The new year on the roads has already claimed one life in Orangeburg County. That's not the beginning we had hoped for after a year that saw traffic deaths here increase while the number killed statewide declined.
Preliminary numbers from the S.C. Department of Public Safety show 42 people died on Orangeburg County roads in 2019. That's three more than the 39 in 2018.
Fortunately, the numbers were down in Calhoun, from eight in '18 to two. And Bamberg County had no one die in crashes in 2019 after two were killed the year before.
Statewide, the number of deaths declined by about 5%, with 985 people being killed in 2019. The 2018 toll was 1,036.
As much as the declines are welcome, it's still horrific that nearly 1,000 people were killed on the state's roads last year.
And already in 2020, there have been deaths.
SCDPS said four persons were killed during the New Year’s holiday reporting period, which started Tuesday, Dec. 31, at 6 p.m. and concluded Wednesday, Jan. 1, at 11:59 p.m.
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During the weekend period, which began Friday, Jan. 3, at 6 p.m. until Sunday, Jan. 5, at 11:59 p.m., two persons were killed on the roadways.
As of Jan. 5, seven people had died on South Carolina highways -- compared to 19 highway deaths during the same time period in 2019.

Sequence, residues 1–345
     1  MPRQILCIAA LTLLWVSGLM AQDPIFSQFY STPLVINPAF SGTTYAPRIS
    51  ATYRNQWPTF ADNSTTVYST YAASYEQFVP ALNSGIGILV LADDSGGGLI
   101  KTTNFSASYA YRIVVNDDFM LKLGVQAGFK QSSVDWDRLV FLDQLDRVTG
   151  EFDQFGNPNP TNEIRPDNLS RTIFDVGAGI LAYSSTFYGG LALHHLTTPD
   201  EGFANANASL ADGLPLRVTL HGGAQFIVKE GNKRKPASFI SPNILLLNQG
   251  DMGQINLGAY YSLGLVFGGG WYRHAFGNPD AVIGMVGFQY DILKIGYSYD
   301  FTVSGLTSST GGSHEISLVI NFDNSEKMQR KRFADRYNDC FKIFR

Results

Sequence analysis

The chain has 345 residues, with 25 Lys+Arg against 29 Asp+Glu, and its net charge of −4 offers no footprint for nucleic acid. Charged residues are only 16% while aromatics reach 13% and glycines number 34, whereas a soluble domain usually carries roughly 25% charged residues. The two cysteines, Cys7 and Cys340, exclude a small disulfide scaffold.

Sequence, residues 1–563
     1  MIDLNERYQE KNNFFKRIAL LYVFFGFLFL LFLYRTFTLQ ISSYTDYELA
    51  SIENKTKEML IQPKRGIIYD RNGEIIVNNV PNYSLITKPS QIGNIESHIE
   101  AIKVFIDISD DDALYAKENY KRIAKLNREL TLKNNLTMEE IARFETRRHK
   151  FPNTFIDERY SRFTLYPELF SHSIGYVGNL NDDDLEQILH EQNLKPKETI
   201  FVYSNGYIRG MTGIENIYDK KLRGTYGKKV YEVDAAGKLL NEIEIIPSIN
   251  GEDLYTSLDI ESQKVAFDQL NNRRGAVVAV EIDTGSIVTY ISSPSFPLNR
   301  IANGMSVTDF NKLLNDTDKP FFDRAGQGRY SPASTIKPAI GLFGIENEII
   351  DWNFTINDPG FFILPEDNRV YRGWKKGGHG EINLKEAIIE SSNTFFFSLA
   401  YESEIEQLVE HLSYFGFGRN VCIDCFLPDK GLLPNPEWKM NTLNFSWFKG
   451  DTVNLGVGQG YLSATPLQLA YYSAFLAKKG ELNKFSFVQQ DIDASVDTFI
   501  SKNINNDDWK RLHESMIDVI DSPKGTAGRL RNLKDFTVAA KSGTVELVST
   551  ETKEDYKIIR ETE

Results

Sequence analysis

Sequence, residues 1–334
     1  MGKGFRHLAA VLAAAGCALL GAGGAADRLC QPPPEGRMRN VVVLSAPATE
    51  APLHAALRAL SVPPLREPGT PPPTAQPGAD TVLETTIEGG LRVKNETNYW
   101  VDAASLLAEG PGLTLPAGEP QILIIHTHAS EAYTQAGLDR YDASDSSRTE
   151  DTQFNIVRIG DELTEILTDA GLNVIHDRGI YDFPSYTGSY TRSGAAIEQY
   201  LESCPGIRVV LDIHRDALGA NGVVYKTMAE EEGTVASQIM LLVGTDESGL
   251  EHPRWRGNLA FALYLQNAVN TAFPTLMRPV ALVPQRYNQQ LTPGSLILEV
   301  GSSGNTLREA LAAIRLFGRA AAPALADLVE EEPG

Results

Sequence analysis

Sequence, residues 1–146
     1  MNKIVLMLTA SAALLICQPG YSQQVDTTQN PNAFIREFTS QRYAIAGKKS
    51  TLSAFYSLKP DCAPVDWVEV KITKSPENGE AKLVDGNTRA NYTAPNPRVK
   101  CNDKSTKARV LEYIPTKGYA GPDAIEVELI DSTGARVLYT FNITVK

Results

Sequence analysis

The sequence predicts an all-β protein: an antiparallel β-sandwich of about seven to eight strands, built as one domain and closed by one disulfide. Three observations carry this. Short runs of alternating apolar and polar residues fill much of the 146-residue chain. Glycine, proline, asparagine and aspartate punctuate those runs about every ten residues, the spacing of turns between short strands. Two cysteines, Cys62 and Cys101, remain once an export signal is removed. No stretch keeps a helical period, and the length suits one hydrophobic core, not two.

Seeing traffic deaths take a major decline is high on the list of wishes for the new year. Many things could contribute to making it happen.
A key one is wearing safety belts.
Of the seven people who have died so far in 2020, five had access to seat belts -- and four were not wearing them.
Using National Highway Traffic Safety Administration statistics on the effectiveness of belts in saving lives and preventing injury, at least two of the five would be alive today had they been buckled up.
NHTSA statistics show:
1. If you buckle up in the front seat of a passenger car, you can reduce your risk of fatal injury by 45% and moderate to critical injury by 50%.
2. If you buckle up in a light truck, you can reduce your risk of fatal injury by 60% and moderate to critical injury by 65%.
In Orangeburg County and all around South Carolina, a commitment to wearing seat belts every time and all the time while traveling would be a very smart resolution -- and one that is not difficult to keep. Your life may depend on it.